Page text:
As far as I know the ECU must determine this from other sensors. That's why I suggested the ones that are closely connected to the combustion measurement process. But maybe others could add to the HCP detection like Air-intake-temp, humidity, Map, Timing, exhaust temp, oxygen sensors (any others)?

Also, does the definition of High Cylinder pressure actually mean the pressure after ignition or maybe just the turbo boost pressure of the air coming into the cylinder?
This is measured by the MAP sensor right?

I know that if your compression is too high and the octane is too low then the knock sensor detects a ping. So does the car ping if the boost is too high? I have read that high performance cars need high octane is this because the cylinder pressure are extreme? (obviously this all relates to timing as well)


When I say no one at Kia knows... When you've had your car back to the dealer over ten times complaining about this fault for 4 years and the final option was to replace everything! There wasn't a oblivious solution to the problem. Like most faults it's a process of elimination (and in this case a bit of trial and error).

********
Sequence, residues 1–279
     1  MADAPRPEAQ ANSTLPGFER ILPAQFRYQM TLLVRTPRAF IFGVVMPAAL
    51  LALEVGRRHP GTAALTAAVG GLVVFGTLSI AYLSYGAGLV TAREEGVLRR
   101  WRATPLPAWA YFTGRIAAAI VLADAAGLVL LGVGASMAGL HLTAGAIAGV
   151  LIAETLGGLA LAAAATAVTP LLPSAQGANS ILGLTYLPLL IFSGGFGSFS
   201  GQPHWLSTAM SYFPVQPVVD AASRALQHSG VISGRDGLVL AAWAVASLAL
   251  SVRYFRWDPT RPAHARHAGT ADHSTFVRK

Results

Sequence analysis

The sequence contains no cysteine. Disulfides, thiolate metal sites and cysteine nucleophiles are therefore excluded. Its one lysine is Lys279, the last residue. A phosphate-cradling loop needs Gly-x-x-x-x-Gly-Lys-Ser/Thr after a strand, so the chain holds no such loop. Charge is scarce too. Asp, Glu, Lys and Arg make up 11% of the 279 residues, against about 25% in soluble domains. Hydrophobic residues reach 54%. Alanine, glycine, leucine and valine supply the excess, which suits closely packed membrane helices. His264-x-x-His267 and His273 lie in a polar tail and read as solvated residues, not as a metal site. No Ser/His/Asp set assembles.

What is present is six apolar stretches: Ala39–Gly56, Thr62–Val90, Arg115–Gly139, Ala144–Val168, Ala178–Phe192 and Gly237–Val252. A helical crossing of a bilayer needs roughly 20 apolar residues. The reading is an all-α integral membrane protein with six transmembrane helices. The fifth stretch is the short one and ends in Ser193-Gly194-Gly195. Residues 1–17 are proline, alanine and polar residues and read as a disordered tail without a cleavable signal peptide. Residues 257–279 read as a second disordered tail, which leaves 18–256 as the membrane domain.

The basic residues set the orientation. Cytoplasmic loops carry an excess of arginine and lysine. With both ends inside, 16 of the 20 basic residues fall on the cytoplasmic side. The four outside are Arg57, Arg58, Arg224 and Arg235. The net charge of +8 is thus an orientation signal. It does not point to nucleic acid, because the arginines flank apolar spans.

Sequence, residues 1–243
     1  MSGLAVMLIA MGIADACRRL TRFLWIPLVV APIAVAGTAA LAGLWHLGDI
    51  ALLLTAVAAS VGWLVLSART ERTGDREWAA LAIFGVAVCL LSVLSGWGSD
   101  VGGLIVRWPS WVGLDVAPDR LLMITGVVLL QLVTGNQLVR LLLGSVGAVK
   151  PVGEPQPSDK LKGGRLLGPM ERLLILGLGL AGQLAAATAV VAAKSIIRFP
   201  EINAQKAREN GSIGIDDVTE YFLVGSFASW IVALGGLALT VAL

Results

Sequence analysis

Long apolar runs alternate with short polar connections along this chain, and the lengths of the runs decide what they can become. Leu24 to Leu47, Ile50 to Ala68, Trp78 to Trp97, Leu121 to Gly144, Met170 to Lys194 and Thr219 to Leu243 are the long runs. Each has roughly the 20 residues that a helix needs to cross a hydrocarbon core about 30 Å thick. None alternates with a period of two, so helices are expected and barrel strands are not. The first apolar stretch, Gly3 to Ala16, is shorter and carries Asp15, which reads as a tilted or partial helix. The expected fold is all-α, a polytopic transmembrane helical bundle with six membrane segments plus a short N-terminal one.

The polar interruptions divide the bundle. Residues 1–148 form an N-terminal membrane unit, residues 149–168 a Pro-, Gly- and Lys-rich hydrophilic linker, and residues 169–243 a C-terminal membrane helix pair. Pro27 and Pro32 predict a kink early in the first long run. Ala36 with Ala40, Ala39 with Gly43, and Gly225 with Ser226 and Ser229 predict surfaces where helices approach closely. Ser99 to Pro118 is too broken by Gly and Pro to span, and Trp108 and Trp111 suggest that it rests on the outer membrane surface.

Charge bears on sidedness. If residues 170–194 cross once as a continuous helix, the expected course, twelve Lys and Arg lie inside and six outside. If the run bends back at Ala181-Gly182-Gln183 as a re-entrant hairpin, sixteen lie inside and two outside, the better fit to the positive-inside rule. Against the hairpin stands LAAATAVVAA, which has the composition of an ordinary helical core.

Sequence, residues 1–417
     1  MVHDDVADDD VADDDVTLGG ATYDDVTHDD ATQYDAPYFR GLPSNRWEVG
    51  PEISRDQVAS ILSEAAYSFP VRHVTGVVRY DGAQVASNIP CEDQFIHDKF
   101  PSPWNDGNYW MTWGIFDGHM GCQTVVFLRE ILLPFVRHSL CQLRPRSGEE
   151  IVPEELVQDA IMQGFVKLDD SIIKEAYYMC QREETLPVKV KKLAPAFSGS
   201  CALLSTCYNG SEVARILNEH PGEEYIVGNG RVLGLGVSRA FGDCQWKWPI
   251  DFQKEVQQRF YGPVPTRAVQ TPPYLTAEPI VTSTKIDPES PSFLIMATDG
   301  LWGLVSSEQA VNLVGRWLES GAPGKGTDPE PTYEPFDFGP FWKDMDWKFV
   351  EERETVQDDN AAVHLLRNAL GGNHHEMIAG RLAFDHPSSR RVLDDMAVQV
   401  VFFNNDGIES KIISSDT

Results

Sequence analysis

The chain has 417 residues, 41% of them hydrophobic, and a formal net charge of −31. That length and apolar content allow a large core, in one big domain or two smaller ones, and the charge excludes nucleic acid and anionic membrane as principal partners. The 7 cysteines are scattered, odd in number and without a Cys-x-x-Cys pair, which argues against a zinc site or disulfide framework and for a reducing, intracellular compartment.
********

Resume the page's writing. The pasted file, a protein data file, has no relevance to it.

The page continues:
The other problem in Australia with the Proceed GT is only a few hundred where sold so the dealers don't have a lot of exposure to problems and solutions.

Don't get me wrong...I'm not here complaining about Kia as they have been very supportive along the fault finding journey and based on this I would gladly buy another Kia due to this support and standing behind their product.

But hopefully the HCP issue is in the past now.



Glennbot, none of these are measurements of cylinder pressure and certainly not MAP (Manifold Air Pressure). MAP is the primary control for boost and while this is related to cylinder pressure it is not the same thing at all. Knock sensor is used to adjust ignition timing for optimum performance with variable fuel quality and also does not measure cylinder pressure so I don't know how this fault code can be generated.


I was simply speculating about reduced boos being a means to protect a new engine - how do you know no-one knows about it at KIA?
 

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This isn't the first post about boost and when I checked a few years ago mine never went above 90!